Economic Update

Published 16 Sep 2020

Amid an increase in demand for personal protective equipment (PPE) and packaged goods, Covid-19 has led to a significant spike in plastic waste. Although this has created some significant challenges for emerging markets, it has also provided opportunities for innovation in recycling.

While lockdowns initiated in response to the pandemic are expected to result in an estimated 5% drop in greenhouse gas emissions this year, according to the UN Conference on Trade and Development, other measures to contain the virus such as hygiene practices and quarantining have led to a rise in the volume of single-use plastic waste.

An increase in the manufacture of PPE, coupled with the temporary shuttering of recycling facilities and reduced operational capabilities, have set back global efforts to reduce the usage of plastic.

In China, where the first Covid-19 case was reported, the production of face masks reached 116m units per day at the end of February – up from 20m prior to the outbreak. Meanwhile, according to business consulting firm Grand View Research, global sales of disposable face masks are set to increase from about $800m in 2019 to $166bn in 2020.

Single-use face masks are made from polymers such as polypropylene, which has been identified as a significant source of plastic pollution. 

Prior to the pandemic, it was estimated that 8m tonnes of plastic waste ended up in the ocean every year. Marine pollution is particularly pronounced in South-east Asia, which is home to four of the world’s top ocean polluters.

In Thailand, plastic waste increased from 5500 tonnes per day before the pandemic to 6300 tonnes per day as of mid-May. This 15% rise occurred despite the introduction of a ban on plastic bags at the beginning of the year. In Bangkok alone, the average amount of plastic waste rose from 2115 tonnes per day in 2019 to 3432 tonnes per day between January and April.

Globally, the spillover effect of plastic waste – for example on tourism, fisheries and maritime transport – could cost an estimated $40bn, according to the UN Environment Programme.

Delivery services compound plastic problem

Covid-19 has also necessitated the use of delivery services during the resulting lockdowns, which led to an increase in plastic packaging and single-use utensils.

In South-east Asia, for example, multi-service apps such as the Singapore-based Grab and Indonesia’s Gojek experienced a boom on their food delivery platforms, with the former reporting 400% growth in the week after lockdown commenced.

Based on a survey published in June by students from the National University of Singapore, Singaporean households were expected to have generated 1334 tonnes of plastic waste from takeout packaging and food delivery during the eight-week lockdown.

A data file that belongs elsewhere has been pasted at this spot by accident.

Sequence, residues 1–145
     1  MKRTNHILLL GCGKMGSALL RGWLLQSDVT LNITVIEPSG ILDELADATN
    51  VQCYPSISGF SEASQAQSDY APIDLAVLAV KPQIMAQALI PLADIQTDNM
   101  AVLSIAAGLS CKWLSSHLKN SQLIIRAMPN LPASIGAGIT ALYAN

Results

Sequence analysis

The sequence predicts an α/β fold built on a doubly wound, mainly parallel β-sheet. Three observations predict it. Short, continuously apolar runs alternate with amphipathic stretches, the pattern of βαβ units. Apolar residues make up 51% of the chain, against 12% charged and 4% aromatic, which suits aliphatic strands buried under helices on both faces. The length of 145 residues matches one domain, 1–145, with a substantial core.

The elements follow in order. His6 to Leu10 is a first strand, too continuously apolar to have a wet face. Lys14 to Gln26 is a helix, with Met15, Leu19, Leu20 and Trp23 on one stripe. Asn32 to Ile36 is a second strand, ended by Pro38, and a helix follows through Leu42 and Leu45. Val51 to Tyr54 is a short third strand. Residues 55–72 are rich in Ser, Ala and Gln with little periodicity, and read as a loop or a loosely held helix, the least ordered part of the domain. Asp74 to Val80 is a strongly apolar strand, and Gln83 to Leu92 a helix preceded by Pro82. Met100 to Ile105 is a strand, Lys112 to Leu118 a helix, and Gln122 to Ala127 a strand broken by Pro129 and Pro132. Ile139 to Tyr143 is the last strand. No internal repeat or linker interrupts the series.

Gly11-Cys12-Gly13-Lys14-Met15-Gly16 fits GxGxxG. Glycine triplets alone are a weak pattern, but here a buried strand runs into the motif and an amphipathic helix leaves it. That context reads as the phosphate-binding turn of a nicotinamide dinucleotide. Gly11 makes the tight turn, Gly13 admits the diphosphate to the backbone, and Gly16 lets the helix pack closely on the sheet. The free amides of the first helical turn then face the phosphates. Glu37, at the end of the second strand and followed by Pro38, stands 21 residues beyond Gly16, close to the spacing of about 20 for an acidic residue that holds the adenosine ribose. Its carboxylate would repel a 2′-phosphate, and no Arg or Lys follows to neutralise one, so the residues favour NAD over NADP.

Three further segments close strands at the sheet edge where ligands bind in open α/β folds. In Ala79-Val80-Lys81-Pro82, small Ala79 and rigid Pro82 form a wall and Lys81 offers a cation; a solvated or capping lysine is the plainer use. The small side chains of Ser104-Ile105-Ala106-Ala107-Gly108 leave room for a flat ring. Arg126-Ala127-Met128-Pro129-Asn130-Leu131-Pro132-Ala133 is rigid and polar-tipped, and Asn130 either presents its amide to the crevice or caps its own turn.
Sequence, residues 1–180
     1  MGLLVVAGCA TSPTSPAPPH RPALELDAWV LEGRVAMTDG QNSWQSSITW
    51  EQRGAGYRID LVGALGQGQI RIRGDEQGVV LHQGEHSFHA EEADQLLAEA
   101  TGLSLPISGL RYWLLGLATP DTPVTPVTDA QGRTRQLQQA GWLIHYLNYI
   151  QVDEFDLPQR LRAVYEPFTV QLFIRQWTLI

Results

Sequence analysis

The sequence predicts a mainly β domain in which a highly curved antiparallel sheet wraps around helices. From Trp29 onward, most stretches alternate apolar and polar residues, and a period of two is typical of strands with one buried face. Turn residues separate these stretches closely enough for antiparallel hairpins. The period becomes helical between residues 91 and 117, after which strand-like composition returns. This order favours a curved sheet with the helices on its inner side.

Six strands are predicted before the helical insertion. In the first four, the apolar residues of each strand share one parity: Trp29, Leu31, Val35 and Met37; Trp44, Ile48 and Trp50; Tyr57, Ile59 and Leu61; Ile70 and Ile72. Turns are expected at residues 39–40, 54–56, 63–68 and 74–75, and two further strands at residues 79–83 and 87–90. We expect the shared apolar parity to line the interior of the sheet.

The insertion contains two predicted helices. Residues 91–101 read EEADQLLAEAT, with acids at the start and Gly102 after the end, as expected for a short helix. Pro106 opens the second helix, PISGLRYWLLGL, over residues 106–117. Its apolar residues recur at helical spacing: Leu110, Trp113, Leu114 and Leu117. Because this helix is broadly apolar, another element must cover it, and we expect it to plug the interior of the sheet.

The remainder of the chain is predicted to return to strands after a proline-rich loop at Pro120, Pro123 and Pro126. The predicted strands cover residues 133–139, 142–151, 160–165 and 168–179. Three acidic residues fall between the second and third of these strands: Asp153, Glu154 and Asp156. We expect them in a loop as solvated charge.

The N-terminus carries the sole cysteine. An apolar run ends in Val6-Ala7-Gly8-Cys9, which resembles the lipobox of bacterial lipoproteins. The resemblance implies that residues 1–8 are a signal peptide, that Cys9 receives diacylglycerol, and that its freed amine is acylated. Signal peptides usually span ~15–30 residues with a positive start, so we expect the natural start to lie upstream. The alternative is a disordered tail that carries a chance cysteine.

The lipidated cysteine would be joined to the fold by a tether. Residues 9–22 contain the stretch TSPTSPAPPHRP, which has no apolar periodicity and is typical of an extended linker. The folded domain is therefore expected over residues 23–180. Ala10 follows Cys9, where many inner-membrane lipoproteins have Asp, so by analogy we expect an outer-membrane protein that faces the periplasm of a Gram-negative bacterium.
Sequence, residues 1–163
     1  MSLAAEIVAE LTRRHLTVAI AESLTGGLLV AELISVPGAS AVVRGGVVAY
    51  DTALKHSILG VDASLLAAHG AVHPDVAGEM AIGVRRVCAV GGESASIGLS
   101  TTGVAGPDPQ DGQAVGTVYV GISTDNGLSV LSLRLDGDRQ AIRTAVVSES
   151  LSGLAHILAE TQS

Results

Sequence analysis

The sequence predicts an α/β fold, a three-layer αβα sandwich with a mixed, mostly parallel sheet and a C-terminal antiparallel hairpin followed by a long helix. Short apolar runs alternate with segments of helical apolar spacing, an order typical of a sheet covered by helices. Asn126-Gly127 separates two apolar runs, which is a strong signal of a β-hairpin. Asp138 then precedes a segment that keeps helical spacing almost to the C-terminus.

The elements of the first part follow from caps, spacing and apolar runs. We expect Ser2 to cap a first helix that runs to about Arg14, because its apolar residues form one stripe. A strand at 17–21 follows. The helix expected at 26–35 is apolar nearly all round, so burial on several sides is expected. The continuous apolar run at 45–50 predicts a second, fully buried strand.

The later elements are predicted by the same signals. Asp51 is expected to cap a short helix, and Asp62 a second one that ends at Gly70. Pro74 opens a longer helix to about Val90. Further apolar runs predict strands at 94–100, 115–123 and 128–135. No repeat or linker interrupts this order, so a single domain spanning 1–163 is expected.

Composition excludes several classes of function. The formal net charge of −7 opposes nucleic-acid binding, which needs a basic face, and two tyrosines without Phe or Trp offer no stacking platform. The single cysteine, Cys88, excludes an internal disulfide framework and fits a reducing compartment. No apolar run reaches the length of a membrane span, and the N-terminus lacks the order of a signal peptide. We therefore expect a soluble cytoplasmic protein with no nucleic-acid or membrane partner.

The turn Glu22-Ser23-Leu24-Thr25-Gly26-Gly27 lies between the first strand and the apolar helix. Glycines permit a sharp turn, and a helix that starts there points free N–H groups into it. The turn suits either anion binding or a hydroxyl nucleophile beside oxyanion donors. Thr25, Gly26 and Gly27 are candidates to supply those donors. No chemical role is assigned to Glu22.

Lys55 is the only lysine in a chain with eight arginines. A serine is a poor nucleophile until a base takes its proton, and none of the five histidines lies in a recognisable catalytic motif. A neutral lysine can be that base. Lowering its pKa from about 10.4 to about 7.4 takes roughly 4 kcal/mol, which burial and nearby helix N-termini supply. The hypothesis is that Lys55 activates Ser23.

More generally, the accelerated shift to e-commerce is contributing to a rise in the volume of packaging. According to a report by the World Economic Forum and Ellen MacArthur Foundation published in 2016, packaging comprises 26% of all plastics production, yet only 14% of that is recycled.

Despite the overall economic downturn, e-commerce is forecast to grow by almost 20% this year and the global plastic packaging market is expected to expand at a compound annual growth rate of 5.5%, from $909.2bn in 2019 to over $1trn by 2021, complicating the challenge of overcoming plastic pollution.

Opportunities in recycled protective gear

While single-use plastics are likely to prevail given their perceived benefits in the current circumstances, efforts are being made in emerging markets to offer more sustainable alternatives or improve recycling efforts.

In Accra, Ghana, local authorities launched the #WearYourMask campaign in mid-April. As part of the initiative, Mohammed Adjei Sowah, the metropolitan chief executive of Accra, plans to distribute 10,000 locally made face masks, 200 of which were produced by Trashy Bags, a non-governmental organisation that recycles water bottles and ice cream sachets.

Meanwhile, in Tanzania, Zaidi Recyclers, which processed paper waste before the pandemic, is now producing face shields made from recycled plastic bottles.

Elsewhere, Thai design company Qualy is turning unused fishing nets into Covid-19 face shields and disinfectant bottles. Thosaphol Suppaetheekuwat, Qualy’s marketing manager, said that demand was coming from Europe, Japan, Singapore, South Korea, Hong Kong and Taiwan. More than 1.3 tonnes of used nets have been collected since the pilot phase in May, and there are plans to expand the project to all seaside provinces in the country by the year’s end.

Aside from recycling strictly for the purpose of manufacturing face masks and bottles, a Thai initiative launched prior to the pandemic has demonstrated an alternative use for plastic waste.

In early October 2018 Siam Cement Group (SCG) and Dow Thailand Group unveiled a 220-metre road made from recycled plastics, located inside the Rayong Industrial Estate where SCG’s petrochemical arm SCG Chemicals is based.

Plastic is collected and cleaned, and then crushed into smaller pieces before it is mixed with asphalt. According to Chulalongkorn University’s Faculty of Engineering, the recycled road is 15-30% more stable than asphalt concrete and, according to SCG, more resistant to water erosion.

It is hoped that the project will help to build a circular economy, which Cholanat Yanaranop, president of SCG Chemicals, asserts is a model for business sustainability. Indeed, the company’s decision to shift its focus away from commodities such as single-use plastics is based on how environmental concerns affect its bottom line and long-term outlook, Cholanat told local media in December 2018.